Following MI, in all groups, recipient left ventricular EF declined uniformly from a baseline of 50.1±3.8% to 32.0±3.8% on day 2 post- MI before cell implantation, as shown in Table 1 and Figure 1A. Injection of HBSS vehicle on day 3 permitted continued deterioration of EF to day 28 (21.4±6.4% versus 31.8±3.5% for day 2, P<0.0001). In contrast, young donor BMCs improved recipient 28 day post-MI EF (39.0±5.9% versus 32.1±3.4% for day 2, P<0.001), while middle-aged donor BMCs only preserved recipient 28 day post-MI EF (32.6±3.8% versus 31.7±4.1% for day 2, P=N.S.). Notably, old donor BMCs did not stem the decline in recipient 28 day post-MI EF (23.8±5.5% versus 32.3±4.3% for day 2, P<0.0001), comparable to the negative control HBSS, despite consistently good viability (96% assessed by trypan blue staining) in all BMCs assessed before implantation. Figure 1B shows that by day 28 post-MI, young donor BMCs, but not middle-aged donor BMCs, prevented an increase in recipient ESV, which both were significantly different from the deterioration seen in groups receiving BMCs from old donors or HBSS (day 28 ESV: 41.2±6.7 μl for young donors and 56.4±12.3 μl for middle-aged donors versus 78.3±28.1 μl for old donors and 82.5±26.0 μl for HBSS, P<0.001). Although none of the donor BMC conditions prevented an increase in recipient EDV (Figure 1C), the 28 day post-MI EDV of the group receiving BMCs from young donors was significantly smaller than in that receiving BMCs from middle-aged donors, which both were significantly different from those receiving BMCs from old donors or HBSS (day 28 EDV: 67.6±9.6 μl for young donors and 83.5±16.3 μl for middle-aged donors versus 101.7±31.2 μl for old donors and 103.4±25.5 μl for HBSS, P<0.05). In the young and middle-aged donor groups, recipient anterior wall thickness at the infarct and border zone was significantly thicker than those in the old donor group and HBSS group (Figure 1D). Recipient infarct size in the young donor group was significantly smaller than that in the HBSS group (Figure 1E).

Figure 1
Influence of donor age on BMC therapeutic potential for treatment of recipient MI. Implanted BMCs were harvested from donor mice at ages of young, middle-aged and old. HBSS served as a negative control. (A) Recipient left ventricular ejection fraction ...
Table 1
Recipient echocardiographic parameters before (day 2 post-MI) and after (day 28 post-MI) the implantation of BMCs from donors at different ages.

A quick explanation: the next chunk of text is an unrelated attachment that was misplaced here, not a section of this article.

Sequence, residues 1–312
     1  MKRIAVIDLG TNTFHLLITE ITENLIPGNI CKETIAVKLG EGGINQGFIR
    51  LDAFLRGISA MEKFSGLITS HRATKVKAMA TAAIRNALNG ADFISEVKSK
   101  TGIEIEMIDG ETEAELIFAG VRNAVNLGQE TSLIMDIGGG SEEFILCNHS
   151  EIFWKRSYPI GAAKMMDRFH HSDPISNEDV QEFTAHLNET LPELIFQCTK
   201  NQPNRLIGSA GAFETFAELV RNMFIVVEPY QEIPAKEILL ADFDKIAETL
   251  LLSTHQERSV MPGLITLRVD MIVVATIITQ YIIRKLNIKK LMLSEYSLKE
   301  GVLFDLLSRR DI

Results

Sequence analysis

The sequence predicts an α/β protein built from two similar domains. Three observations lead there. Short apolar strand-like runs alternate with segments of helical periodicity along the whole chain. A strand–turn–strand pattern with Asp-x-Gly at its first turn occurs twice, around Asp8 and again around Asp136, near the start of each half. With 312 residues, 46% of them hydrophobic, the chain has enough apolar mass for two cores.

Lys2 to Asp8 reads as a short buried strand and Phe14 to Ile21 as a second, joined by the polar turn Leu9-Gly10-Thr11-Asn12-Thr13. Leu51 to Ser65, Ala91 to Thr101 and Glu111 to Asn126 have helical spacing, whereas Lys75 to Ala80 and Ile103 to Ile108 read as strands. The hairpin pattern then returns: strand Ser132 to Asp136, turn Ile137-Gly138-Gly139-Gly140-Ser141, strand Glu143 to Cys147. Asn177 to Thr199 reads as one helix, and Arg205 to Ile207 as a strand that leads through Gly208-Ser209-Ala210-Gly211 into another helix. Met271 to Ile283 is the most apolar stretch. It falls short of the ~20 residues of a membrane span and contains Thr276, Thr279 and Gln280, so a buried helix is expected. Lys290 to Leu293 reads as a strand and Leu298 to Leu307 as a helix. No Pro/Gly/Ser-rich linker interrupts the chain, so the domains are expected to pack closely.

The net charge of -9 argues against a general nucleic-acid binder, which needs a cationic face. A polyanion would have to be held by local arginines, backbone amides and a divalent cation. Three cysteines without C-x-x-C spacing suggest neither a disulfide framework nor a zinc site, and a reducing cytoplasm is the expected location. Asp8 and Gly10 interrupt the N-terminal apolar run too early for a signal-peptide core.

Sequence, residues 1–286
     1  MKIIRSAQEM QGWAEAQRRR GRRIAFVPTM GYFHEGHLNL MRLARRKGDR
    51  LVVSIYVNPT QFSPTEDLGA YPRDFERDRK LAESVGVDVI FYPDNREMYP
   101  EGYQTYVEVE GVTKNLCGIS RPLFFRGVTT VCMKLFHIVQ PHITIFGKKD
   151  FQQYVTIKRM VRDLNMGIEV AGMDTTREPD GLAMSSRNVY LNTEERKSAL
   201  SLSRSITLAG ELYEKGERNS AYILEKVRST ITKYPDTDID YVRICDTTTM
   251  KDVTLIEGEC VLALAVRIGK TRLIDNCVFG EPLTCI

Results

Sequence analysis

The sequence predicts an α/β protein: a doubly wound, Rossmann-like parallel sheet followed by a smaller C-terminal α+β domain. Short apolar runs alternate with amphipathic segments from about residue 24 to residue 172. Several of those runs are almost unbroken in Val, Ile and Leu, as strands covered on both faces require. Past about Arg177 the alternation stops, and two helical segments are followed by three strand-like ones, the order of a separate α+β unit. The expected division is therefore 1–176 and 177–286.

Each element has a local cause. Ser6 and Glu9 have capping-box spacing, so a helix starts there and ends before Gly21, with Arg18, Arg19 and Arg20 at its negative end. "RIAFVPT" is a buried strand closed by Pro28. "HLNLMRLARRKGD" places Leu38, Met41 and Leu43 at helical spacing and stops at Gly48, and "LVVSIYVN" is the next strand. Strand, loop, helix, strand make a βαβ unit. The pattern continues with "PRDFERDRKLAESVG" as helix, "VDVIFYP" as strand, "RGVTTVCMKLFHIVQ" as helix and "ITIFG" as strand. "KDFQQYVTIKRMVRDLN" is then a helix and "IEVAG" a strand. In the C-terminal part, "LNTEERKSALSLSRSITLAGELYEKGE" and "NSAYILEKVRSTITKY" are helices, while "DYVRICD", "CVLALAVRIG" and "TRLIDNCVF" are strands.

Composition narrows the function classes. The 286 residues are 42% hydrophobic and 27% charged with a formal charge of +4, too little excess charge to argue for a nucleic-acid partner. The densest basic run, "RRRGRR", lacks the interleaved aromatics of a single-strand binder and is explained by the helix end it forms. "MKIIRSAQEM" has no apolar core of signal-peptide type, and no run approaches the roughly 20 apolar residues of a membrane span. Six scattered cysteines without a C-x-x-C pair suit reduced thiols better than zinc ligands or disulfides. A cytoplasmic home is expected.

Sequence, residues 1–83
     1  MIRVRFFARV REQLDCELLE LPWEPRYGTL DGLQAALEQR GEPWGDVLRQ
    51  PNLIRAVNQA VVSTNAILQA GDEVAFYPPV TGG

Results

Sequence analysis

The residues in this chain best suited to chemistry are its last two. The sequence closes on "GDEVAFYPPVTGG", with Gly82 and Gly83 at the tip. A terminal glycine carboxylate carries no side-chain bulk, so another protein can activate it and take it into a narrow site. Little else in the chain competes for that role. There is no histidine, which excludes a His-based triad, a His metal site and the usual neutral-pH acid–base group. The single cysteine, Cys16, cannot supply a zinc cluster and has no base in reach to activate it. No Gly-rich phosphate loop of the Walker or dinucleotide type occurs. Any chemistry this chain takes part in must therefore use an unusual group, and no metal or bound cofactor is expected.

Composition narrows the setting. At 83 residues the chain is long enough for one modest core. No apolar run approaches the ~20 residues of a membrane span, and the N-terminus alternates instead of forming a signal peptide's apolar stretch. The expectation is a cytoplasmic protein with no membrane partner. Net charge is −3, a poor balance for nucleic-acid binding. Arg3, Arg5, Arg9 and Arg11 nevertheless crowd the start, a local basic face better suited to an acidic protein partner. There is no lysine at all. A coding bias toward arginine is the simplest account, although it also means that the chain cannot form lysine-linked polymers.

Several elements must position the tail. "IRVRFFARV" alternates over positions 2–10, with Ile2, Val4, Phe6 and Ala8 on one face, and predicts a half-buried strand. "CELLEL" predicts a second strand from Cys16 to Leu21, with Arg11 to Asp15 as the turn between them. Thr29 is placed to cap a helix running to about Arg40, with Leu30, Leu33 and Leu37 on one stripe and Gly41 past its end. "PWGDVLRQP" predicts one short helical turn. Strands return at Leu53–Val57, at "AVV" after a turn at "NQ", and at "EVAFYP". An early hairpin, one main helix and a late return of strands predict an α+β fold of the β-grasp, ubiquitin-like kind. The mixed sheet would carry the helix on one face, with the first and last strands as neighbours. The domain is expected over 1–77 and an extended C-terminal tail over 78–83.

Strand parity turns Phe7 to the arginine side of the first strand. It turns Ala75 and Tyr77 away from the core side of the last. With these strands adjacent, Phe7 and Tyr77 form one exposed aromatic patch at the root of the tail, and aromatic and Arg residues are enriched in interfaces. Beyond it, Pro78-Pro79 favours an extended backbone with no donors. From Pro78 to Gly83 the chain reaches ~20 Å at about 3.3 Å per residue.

Additive impairment of aged BMC potential by donor MI

Because we have recently reported that donor MI impairs BMC therapeutic potential by an MI-triggered inflammatory response [7], we further determined whether BMCs already impaired by donor age could be further impaired by donor MI. After implantation of BMCs from aged/MI donors, middle-aged-infarcted donor BMCs no longer preserved recipient 28 day post-MI EF, representing an additive impairment by both donor middle-age and donor MI (Figure 2A). However, recipient day 28 post-MI EF after implantation with old-infarcted donor BMCs was almost identical to that resulting from implantation with old-healthy donor BMCs, because implantation of old-donor BMCs already was comparable to injection of negative control HBSS (Figure 2B).

Figure 2
Additive impairment of aged BMC therapeutic potential by donor MI. (A) Reduced therapeutic effect of middle-aged donor BMCs was further reduced by donor MI. (B) Old-healthy and old-infarcted donor BMCs were identically ineffective.

Discussion

Clinical trials of BMC therapy for MI have had limited success relative to the rodent experiments on which they were based. One substantial difference between the two situations stems from the fact that clinical patients undergoing autologous BMC therapy have had a recent MI and tend to be middle-aged or older. In contrast, harvest of bone marrow from mice requires euthanasia of the donor mouse, so rodent BMC therapy experiments cannot be autologous and involve different donor animals that are typically healthy and young. Thus, the cells being used in rodent experiments are a poor approximation of actual BMCs used for clinical autologous cell therapy. We used a mouse model in which the BMC donors and recipients were separate individuals, which is not practical in autologous human cell transplants. This enabled us to study the effects of the donor condition specifically by varying the age of the donor mice to make the rodent model look more like the clinical situation for this isolated parameter, the impact of age on the BMCs being harvested and administered. BMCs from old donor mice were remarkably devoid of therapeutic benefit, leaving them incapable of preventing the decline in recipient left ventricular function post-MI when implanted into recipient hearts.